The typical Rebecca Vallance woman is confident yet poised; bold but classical. She has a polished aesthetic but in an undone way. She has fashion sense but she’s not interested in blending in with the latest trends. It’s a persona that’s clearly modelled on the brand’s creator, Rebecca Vallance herself.
A country girl from Ballarat, Australia, with both local and international fashion know-how, Rebecca launched her eponymous label in 2011 at the age of 31. Shown in Paris, her first collection was met with instant success and secured not one but two Harvey Nichols accounts.
Today, the Rebecca Vallance label is stocked globally on Net-a-Porter, Revolve and mytheresa, in-store at Harrods, Harvey Nichols, Lane Crawford, and in four boutiques across Sydney and Melbourne. Her pieces have become a favourite among fashionistas such as Karlie Kloss, Rachel McAdams, Chrissy Teigen and Halle Berry, to name a few. Here, Rebecca reveals her secrets on how to build a successful fashion label, how to achieve the balance between business and family, and how to hire the right people to nurture your brand.
Learn from your peers
Find your niche
Focus on the big picture
Put the right people in place
There are no shortcuts
I started working in fashion as a model from the age of 13, which helped put me through university. I got my first real job in fashion publicity, specialising in designer brands, which allowed me to rub shoulders with the likes of Stella McCartney and Briony Marsh. Travelling between Sydney and London, I got an inside look at the world of design and, because I worked so closely with my designers, I could see what they did well and what they didn’t do so well. Since we started working together in 2016, Lisa Aiken, the Fashion Director of Net-a-Porter, has been an extraordinary mentor – from her feedback and her thoughts on the collections, to how we run our operation.
The most important thing is to be authentic in everything you do. For me, this means being authentic in the products I design, in the garments we showcase in store, in the way I run the company, and in the handwriting on the collection. It all starts and finishes with the product. The biggest mistakes I’ve made have happened when I didn’t follow my gut. In your business, as in life, you need to believe in yourself enough to realise that if it doesn’t feel right, it usually isn’t.
I launched the brand while I was living in London and I knew I wanted the collection to have a ladylike aesthetic. It was around the time the ‘athleisure’ trend was taking off, and I think our niche was formed from the fact we had that polished, feminine feel. The typical Rebecca Vallance woman might be a working professional and she might also be a mother. It’s the woman who likes to look beautiful and someone who wants to be in the centre of the room, rather than standing at the back. Our garments are designed and created in a totally undone way, so you might have a cool girl wearing it very casually: she might have distressed, messy hair, but she’ll be wearing a very pretty dress. So that was our angle.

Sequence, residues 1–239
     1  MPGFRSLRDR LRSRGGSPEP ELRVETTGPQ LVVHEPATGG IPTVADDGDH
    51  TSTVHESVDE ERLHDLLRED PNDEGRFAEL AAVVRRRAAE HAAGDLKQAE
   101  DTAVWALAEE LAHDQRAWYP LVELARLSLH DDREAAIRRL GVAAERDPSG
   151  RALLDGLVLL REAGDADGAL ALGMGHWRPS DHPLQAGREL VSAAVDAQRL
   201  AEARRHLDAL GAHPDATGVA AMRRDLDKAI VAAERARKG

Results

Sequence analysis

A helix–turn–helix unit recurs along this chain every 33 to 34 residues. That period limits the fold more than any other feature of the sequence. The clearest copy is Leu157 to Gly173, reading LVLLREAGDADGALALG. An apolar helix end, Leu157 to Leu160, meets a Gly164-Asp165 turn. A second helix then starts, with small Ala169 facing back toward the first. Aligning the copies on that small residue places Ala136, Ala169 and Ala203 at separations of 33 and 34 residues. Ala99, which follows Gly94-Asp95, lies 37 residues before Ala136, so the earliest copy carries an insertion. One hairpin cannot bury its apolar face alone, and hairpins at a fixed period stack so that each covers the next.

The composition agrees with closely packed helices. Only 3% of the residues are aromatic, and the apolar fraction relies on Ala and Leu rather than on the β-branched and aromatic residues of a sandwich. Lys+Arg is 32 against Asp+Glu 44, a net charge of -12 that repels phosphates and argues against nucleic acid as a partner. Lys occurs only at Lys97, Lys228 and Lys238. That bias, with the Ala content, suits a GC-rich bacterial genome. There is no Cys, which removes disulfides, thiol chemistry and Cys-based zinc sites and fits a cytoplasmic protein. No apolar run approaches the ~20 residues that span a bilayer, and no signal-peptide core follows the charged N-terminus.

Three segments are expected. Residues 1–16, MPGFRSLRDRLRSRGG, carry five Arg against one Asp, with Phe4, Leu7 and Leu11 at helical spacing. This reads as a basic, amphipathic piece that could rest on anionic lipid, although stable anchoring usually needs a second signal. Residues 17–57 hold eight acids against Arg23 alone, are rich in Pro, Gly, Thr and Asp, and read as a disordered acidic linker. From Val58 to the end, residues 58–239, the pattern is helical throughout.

Everyone knows, particularly mothers, how hard it is to find balance. I make sure that when I’m at work, I’m 100% present, and when I’m at home, I’m 100% present there. Ultimately, I’m a mother first. I make sure my children have everything they need and that they get the most out of me. While I try to balance work and family, sometimes one might outweigh the other. One week I might have meetings with the head of Net-a-Porter or Harrods or Harvey Nichols, and so I have to be more present at work. But when my children are sick, for example, I’m at home more often. Personally, I think I’m a better mother because I work. I do what I think is right at the time as well as what’s right for my family.
I never wanted Rebecca Vallance to be considered for just one market: I always wanted it to have international DNA and global appeal. This means that when we design, we’re thinking of each market on its own. This season for example, we’re launching our very first holiday collection for the US and the UK, but at the same time we’ll be selling our summer collection in Australia. We already have four beautiful stores in Australia – one in Melbourne and three in Sydney – and I’m working towards an international rollout of stores in New York and London. So it’s all about knowing your audience, watching the market, and making sure everything is in place.
I’m very careful about who I hire and I spend a long time interviewing people to make sure that they fit the culture even before they start here. I believe in a collaborative approach: I’m very hands-on and I empower each person to do their job to the best of their ability. I’m also someone who’s warm by nature, which is lucky because you have to smile a lot in the fashion industry. I treat others the way I’d like to be treated. After all, you spend more of your day at work than you do at home, so I want everyone to feel like they’re part of the family.
Building your own business is really hard work and fashion is not for the faint-hearted. Going from a little business to a big business has been my greatest challenge, but also my biggest accomplishment. From a back-end point of view, we went from producing hundreds of garments to producing thousands of garments and we’ve evolved into a well-oiled machine. In this industry, it’s normal to start work at 6am and not finish until 2am the following morning. That might mean sacrificing sleep and setting your alarm at an ungodly hour to be on an international conference call. You’ve got to put in the hard work and stay focused on what you’re trying to achieve – not what other people are doing.